The Youngest Relic of the Cold War

Sergei Ivanov, 53, Russia’s defense minister, known familiarly as Vara to his friends and by his nickname of “Jacket” (Russian euphemism for a foreign undesirable) to the top military brass and captains of the military industry, is Vladimir Putin’s most likely successor when his eight years in office end in 2008.

That is, of course, if Putin continues to be blocked in his bid to amend the constitution for a third term as president.

Where the Vara handle came from, no one in Moscow seems to know. In Washington, Kremlin watchers joke about its being the code name he carried with him from the KGB in Soviet times through the 23 years he served with the post-Soviet SVR and FSB intelligence services up until 1999.

In the past, Ivanov, married and father of two grown-up sons, firmly denied rumors that he was tagged as the next president of Russia.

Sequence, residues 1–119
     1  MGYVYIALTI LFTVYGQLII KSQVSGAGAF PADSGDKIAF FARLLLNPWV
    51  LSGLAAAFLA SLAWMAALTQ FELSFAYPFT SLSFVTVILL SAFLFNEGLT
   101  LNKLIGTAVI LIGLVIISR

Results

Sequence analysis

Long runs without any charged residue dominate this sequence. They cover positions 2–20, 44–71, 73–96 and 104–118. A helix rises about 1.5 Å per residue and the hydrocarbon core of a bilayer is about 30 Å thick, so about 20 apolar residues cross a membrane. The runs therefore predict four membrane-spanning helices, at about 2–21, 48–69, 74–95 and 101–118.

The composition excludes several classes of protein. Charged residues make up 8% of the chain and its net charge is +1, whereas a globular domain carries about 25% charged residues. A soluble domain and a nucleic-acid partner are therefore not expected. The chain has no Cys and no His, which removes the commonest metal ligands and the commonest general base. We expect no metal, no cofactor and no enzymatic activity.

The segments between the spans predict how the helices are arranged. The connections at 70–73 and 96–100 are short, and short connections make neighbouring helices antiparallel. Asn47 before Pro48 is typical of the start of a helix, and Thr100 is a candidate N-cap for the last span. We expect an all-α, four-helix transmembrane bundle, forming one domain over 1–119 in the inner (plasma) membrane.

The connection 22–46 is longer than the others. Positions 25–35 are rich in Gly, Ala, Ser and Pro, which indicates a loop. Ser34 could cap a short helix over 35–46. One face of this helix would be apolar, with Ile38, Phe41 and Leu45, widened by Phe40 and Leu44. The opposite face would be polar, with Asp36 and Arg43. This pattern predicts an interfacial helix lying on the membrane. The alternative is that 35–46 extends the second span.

That was then. Today, people in the know in Washington have decided to start gearing up for Putin’s departure and the onset of the Ivanov era.

DEBKA-Net-Weekly’s intelligence sources report indications that the two men are already working in tandem on cardinal foreign affairs and defense issues in readiness for a smooth transition.

Putin’s preparations for life after the presidency entail time spent in building up a strategic Russian-German energy partnership as his power-cum-financial base to be run on lines of capitalist ruthlessness and political muscle. Russia already provides a quarter of Europe’s oil and gas and is resisting the European Union’s demand for energy security.

Russia’s powerful state monopoly Gazprom, which is developing the huge Shtokman gas field, will put a new Baltic pipeline to Germany into service in 2010, boosting German imports of 40 billion cubic meters of Russian gas a year to 50-55 billion cubic meters.